Earlier in life, family and work dictate where most of us live. But by age 61, most people start thinking about where they want to live.
CNBC’s recent article, “A financial flight plan for snowbirds,” says that it's not surprising to see retirees move, at least part time, to their dream destination. More than a third of retirees surveyed reported that that they’d already moved, and another 27% anticipated moving soon. But before you begin splitting time between two or more states, think about which state you want to be your primary place of residence, or domicile because you can have multiple residences—but only one domicile.
Consider the advantages of choosing one state instead of another, like the fact that there are several warm weather states that don’t have a state income tax. Others have tax breaks on retirement income and on real estate taxes for older residents. Estate taxes can also be more favorable in some states than in others.
Once you’ve decided, be prepared to show the government that the state you picked is truly your domicile state. Some states have investigated people who say they’re now residents in other states and who say they don’t owe any taxes.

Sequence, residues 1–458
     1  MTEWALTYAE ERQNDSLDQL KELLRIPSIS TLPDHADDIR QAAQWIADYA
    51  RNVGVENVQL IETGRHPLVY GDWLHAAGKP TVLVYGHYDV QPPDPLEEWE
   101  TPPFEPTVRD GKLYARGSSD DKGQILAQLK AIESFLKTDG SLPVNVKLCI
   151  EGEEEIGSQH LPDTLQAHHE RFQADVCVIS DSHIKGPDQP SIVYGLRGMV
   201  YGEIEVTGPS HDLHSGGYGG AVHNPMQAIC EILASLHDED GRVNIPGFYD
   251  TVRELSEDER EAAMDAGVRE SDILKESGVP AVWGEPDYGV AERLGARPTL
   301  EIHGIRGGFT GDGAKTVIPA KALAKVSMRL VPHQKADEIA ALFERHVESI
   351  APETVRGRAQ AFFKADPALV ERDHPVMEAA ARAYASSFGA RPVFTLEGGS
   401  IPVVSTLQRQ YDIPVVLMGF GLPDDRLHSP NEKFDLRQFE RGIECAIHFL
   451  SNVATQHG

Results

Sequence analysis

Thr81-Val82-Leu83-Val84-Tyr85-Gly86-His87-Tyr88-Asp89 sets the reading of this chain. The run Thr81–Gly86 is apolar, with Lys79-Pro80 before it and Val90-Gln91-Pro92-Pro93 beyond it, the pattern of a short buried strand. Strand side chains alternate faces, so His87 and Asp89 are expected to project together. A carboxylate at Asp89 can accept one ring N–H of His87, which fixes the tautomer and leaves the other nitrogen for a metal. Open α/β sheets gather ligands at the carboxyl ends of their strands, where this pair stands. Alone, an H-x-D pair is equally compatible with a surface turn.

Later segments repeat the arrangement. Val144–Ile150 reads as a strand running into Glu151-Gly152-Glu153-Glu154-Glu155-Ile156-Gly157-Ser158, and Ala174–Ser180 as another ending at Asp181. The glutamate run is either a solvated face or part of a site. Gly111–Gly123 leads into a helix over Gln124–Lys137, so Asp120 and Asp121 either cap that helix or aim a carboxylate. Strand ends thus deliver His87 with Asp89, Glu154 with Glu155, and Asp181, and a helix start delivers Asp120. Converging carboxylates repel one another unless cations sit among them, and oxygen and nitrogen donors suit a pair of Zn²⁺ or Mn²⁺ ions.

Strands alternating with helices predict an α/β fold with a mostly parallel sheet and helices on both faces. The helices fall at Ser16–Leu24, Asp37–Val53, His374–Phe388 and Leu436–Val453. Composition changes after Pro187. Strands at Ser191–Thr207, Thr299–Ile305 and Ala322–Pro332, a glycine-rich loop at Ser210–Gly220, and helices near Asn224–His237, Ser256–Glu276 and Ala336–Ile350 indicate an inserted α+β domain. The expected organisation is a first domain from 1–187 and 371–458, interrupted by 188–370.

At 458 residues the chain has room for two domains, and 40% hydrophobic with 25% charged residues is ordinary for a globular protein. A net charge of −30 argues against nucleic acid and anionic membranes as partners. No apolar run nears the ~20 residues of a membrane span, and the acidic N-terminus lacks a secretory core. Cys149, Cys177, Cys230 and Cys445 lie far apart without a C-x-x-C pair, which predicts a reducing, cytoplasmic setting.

Each state has its own requirements to prove residency. For example, make sure to get to the local DMV and change your driver's license, change your mailing address and tax return address. Don't forget to change your auto insurance policies to be adequately covered in both states.
A big mistake people make is having their income tax return sent to the wrong state. That can be a bad move, since the federal government and state governments share this type of data.
Our office represents clients in New York and Florida, so we can help you be sure that all your financial and estate-planning documents, like your will, powers of attorney, and healthcare or medical directives, still are legal under the laws of your new state.
Making the move and becoming a snowbird can be a big change. Experts suggest you give it a test run first. Some folks find that they miss their families and friends too much to spend the majority of their time in that once-dream locale. Don't buy a new home in a different state right away. Try renting for a few months to see how you really adjust.